Fishermen, scientists cooperating to study fishing, seal interactions

Owen Nichols
September 2012

PROVINCETOWN, MA – Last October, a diverse group of over 60 commercial and recreational fishermen, scientists, and resource managers gathered at the Provincetown Center for Coastal Studies (PCCS) to discuss interactions between seals and fisheries.

These interactions range from depredation, during which seals remove or damage catch from fishing gear, to ecosystem-scale competition, when seals and fisheries target the same species.  Such interactions have been raising concerns among people in the fishing community as the numbers of seals in New England waters has been increasing over the past few decades. 

Accounts of depredation have gone up in frequency and geographic range in recent years, and scientists and fishermen alike have begun to pose questions about the ecosystem-level effects of growing local seal abundance. 

The Oct. 28 workshop was titled "Gulf of Maine Seals:  Fisheries Interactions and Integrated Research" and sponsored by the Woods Hole Oceanographic Institution (WHOI) Marine Mammal Center.  It was organized by researchers from PCCS, WHOI, the University of Massachusetts, the University of Connecticut (UCONN), and the University of New England (UNE). 

The workshop followed a series of informal meetings between PCCS staff and members of the Cape Cod fishing community, during which scientists met with commercial and recreational fishermen at ports, community centers, and association meetings. 

These meetings laid the foundation for the workshop by building a relationship between local fishing and scientific communities and highlighting areas of common interest for future collaborative studies.  While the workshop was regional in scope, fishermen and scientists in attendance hailed from as far away as Nova Scotia and British Columbia.

In order to ensure that the fishing community had a distinct voice in these discussions, the October workshop included a forum during which fishermen were encouraged to share their observations, experiences, and concerns. 

Separately, moderated discussion groups composed of all participants focused specifically on fisheries interactions, seal tagging and tracking projects, and management issues.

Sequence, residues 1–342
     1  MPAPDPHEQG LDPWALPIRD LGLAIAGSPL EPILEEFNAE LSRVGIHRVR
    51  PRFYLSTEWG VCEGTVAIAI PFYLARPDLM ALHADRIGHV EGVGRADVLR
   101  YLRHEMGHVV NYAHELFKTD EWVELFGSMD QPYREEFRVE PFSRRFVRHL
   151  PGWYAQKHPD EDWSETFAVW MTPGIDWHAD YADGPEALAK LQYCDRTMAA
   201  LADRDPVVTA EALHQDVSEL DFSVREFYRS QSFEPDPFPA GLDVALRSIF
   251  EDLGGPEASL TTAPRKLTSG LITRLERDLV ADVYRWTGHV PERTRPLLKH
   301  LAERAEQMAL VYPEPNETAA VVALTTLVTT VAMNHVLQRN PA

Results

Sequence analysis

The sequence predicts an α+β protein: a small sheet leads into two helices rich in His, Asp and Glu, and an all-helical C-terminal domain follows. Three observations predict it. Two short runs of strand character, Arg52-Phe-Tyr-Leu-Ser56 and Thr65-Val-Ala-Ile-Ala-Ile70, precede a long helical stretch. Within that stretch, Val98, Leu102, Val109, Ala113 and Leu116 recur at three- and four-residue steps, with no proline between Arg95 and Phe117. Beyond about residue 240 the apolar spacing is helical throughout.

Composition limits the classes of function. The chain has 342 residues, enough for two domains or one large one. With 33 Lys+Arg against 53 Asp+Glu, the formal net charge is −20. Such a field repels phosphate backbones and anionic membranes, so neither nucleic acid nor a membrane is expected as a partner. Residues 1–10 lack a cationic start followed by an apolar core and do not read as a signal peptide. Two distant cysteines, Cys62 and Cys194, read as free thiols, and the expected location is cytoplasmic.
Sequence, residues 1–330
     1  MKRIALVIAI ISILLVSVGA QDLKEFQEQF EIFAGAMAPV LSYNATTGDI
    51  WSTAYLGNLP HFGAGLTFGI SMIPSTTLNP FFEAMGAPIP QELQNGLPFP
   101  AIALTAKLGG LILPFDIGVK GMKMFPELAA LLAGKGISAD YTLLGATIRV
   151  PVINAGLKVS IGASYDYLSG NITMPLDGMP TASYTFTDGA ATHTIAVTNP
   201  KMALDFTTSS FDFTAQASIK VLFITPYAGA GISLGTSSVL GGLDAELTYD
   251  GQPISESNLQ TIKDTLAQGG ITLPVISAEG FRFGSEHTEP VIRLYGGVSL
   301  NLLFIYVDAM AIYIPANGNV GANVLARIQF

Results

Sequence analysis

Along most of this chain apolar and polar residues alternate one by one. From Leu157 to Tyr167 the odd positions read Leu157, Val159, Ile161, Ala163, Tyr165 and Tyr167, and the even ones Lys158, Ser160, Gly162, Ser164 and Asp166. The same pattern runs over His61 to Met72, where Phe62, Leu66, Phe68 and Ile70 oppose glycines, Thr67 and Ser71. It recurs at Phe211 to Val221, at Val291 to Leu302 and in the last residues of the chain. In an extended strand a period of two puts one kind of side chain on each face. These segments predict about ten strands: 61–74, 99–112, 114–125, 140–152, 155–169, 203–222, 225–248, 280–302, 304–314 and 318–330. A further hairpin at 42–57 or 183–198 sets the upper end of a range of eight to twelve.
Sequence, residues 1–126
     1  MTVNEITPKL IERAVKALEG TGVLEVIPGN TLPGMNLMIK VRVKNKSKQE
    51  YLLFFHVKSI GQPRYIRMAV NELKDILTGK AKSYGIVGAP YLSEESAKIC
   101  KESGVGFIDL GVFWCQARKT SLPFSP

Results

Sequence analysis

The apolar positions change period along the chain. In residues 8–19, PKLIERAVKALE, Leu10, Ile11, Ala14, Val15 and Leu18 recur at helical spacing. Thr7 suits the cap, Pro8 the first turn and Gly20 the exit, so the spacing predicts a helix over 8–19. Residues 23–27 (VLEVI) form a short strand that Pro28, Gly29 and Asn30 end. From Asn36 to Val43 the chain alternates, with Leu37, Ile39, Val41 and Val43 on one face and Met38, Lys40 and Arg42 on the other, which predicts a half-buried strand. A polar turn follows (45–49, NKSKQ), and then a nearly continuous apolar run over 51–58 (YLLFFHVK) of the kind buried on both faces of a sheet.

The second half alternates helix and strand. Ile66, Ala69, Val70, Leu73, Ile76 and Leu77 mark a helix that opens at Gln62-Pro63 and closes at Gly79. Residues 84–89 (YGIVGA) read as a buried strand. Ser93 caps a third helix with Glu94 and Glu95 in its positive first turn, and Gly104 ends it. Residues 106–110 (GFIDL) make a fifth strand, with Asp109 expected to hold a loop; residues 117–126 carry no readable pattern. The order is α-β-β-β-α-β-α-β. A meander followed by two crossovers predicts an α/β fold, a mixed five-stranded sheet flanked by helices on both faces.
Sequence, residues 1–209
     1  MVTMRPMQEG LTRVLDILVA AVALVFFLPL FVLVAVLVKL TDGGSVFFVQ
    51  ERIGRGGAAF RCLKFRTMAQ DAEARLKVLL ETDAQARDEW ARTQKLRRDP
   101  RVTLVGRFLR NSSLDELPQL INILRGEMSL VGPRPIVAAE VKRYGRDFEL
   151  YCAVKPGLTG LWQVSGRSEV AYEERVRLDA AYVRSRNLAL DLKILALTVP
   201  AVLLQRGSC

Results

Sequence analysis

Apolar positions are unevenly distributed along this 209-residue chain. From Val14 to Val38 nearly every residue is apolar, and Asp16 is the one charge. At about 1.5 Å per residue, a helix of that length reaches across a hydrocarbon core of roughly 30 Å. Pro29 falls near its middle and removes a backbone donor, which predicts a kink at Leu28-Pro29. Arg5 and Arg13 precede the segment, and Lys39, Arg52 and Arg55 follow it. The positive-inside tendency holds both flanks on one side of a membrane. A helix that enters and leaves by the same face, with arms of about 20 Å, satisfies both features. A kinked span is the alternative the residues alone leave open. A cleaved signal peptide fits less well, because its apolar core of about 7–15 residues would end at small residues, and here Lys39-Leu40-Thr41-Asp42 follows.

The recommendations from all four sessions shared common themes, which included the need for collaborative research involving both the scientific and fishing communities. 

Participants identified data gaps concerning seal abundance estimates, movements, and diet.  They also proposed several research projects, including studies of seal depredation in recreational and commercial fisheries, tagging and tracking seals to gauge their movement and overlap with fisheries, and ecosystem-scale analyses of the potential for competition. 

Proposals by workshop organizers to create a database to share data among collaborators and development of a consortium to foster collaboration among managers, researchers, and the fishing community were well received. 

Since the workshop, planning has begun for several collaborative projects involving workshop participants.  It is the sincere hope of the organizers that the lively exchanges and communication begun at the workshop will lead to further collaboration and understanding among all stakeholders as they move forward to tackle the dynamic and complex issue of seal/fisheries interactions.

A report from the workshop is available at the WHOI website.

Owen Nichols is the director of Marine Fisheries Research at the Provincetown Center for Coastal Studies (PCCS) and a PhD candidate at the University of Massachusetts-Dartmouth School for Marine Science and Technology. 

He co-organized the "Gulf of Maine Seals:  Fisheries Interactions and Integrated Research" workshop with Andrea Bogomolni (WHOI, UCONN), Lisa Sette (PCCS), Greg Early (WHOI), Keith Matassa (UNE), and Stephanie Wood Lafond.


Last updated: December 26, 2013